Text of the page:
cdthomas34

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adaption -level phenomenon: Clarissa

Adaption -level phenomenon: this is the tendency to judge our experiences by comparing them to past experiences.  For example, the book explains that as our income rises, or our social prestige improves we feel pleasure. But as time goes on, we adapt. What once felt good now feels just normal- and what was normal or neutral before now feels like deprivation.  This phenomenon also entails our ability to judge our adaptive capacity.  Often we underestimate our adaptive capacity.  We have a hard time predicting the intensity and duration of our future positive and negative emotions.

In the movie Home Alone, Kevin (the main character) is at first very happy when he finds himself at home alone- with the house to himself.  But as time goes on- the excitement lessens- and he finds himself missing his family.

In this movie Kevin thought he would be super happy being home alone- without his annoying family around. When Kevin is alone, the excitement of being home alone evaporates more rapidly than he had expected.  In this situation- Kevin underestimated his adaptive capacity.

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stress and shingles: Clarissa

Health Psychology: this is the study of how social, psychological and behavioral processes effect one’s physical health.

Two weeks ago I got a form of chicken pox known as shingles. I had no idea what it was at the time or how I got it. After a visit to the doctor- it was diagnosed as shingles.

I found out that shingles can be a reaction to lots of stress. I reviewed the previous couple of months and realized that there had been many stressful instances that probably had accumulated and now were taking a toll on my health.  It was strange that stress could be the cause of this weird rash- but it was.  Since then, I have made sure to keep myself in check and not let myself worry about things that are out of my control.  This is one of the disciplines that health psychology deals with- that is- how psychological factors effect an individuals health- specifically stress!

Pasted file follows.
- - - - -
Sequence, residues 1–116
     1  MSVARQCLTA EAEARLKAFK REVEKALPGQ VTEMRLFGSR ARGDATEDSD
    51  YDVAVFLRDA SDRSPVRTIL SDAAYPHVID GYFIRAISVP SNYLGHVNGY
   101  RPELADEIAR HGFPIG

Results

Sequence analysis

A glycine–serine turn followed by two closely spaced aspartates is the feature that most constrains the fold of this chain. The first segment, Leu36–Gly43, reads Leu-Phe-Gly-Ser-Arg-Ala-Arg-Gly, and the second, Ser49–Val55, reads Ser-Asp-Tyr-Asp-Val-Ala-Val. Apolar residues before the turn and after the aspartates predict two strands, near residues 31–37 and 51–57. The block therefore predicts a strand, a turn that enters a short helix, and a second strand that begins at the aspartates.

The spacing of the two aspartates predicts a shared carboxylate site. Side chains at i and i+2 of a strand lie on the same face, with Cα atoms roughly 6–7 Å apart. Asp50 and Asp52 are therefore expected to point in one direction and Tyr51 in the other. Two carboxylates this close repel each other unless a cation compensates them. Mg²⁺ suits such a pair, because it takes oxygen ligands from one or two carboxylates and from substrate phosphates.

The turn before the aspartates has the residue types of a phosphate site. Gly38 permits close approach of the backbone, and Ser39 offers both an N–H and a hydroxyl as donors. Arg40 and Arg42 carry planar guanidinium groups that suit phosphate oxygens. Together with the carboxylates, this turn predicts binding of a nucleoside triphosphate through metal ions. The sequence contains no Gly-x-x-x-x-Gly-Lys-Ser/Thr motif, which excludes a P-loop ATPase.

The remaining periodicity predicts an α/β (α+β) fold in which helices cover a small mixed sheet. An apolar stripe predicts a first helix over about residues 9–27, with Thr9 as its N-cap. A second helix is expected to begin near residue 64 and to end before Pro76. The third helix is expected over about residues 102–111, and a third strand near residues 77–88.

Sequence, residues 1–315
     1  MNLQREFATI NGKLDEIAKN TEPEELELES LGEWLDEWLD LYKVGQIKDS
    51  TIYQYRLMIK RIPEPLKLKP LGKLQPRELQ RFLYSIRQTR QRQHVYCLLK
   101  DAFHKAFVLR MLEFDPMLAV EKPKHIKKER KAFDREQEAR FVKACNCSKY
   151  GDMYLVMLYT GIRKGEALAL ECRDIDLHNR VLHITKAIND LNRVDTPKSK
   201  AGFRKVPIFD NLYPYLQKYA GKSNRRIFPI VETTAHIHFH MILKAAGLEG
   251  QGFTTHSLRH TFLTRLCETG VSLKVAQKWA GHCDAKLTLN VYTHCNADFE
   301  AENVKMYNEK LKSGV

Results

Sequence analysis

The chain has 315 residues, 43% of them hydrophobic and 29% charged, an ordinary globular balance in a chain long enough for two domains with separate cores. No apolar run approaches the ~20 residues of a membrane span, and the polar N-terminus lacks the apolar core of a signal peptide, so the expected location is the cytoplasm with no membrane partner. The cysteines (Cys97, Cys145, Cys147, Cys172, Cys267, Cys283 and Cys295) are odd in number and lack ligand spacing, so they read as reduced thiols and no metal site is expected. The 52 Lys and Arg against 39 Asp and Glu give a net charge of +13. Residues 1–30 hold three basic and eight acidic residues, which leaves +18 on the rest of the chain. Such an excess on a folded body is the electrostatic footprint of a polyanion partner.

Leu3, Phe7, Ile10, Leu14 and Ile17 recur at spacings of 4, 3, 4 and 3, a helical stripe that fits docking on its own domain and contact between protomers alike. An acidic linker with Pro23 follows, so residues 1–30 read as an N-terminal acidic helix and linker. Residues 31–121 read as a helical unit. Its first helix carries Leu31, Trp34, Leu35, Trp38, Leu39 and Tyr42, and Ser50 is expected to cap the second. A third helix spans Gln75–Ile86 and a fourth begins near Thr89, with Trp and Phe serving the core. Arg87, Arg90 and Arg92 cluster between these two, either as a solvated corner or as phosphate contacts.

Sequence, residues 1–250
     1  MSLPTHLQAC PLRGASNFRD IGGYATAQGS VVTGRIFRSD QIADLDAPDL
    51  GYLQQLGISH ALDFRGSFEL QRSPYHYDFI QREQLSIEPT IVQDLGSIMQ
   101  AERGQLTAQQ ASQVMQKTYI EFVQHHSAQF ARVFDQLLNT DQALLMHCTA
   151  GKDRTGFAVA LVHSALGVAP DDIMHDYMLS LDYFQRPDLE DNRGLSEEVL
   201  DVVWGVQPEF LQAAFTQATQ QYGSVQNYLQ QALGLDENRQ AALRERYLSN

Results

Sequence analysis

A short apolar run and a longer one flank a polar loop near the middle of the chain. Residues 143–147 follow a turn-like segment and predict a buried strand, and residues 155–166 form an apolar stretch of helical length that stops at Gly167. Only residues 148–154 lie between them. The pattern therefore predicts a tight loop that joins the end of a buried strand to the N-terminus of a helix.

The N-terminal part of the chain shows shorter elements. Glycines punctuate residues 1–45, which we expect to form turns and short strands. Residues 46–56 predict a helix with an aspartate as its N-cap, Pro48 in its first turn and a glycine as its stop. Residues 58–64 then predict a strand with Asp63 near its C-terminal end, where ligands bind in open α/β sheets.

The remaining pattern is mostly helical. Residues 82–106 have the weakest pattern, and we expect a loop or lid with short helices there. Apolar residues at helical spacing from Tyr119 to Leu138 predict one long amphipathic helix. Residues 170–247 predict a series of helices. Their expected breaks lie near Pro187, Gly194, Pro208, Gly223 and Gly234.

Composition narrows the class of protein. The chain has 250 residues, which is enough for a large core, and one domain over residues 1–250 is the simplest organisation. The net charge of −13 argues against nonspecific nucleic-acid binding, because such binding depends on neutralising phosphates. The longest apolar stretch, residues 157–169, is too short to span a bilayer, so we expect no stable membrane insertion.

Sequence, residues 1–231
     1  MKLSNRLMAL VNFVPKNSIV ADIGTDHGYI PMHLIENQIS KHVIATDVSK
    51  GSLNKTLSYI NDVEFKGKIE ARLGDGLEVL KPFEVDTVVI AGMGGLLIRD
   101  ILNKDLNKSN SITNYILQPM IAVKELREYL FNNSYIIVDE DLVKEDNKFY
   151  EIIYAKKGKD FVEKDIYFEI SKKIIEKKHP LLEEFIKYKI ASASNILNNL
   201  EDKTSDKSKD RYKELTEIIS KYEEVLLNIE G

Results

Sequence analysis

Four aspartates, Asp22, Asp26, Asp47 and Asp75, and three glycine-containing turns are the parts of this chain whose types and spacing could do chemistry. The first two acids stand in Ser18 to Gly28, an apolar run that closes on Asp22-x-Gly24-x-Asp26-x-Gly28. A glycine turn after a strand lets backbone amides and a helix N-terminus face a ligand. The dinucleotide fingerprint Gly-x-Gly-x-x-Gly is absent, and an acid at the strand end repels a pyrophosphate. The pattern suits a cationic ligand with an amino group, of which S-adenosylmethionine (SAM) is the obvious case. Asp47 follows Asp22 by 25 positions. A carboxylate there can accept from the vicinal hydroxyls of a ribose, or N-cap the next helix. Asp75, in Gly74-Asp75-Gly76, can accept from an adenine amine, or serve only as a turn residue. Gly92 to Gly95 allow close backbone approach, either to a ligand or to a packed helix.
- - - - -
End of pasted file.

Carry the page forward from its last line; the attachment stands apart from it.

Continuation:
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Personal space violation: Clarissa

Personal space is an unwritten courtesy that most everyone dutifully respects.  We each have boundaries- that if crossed- seem almost like an attack(depending on the severity of the violation).  Our personal “bubbles” are a safe-zone- a place that is entered only by our invitation.  Keeping a comfortable amount of distance between ourselves and strangers when possible,  is something that is understood and followed by almost any civilized American. I say “American,”  because this norm of personal space may be unique to Americans.  Other cultures may not have the same expectations when it comes to personal space.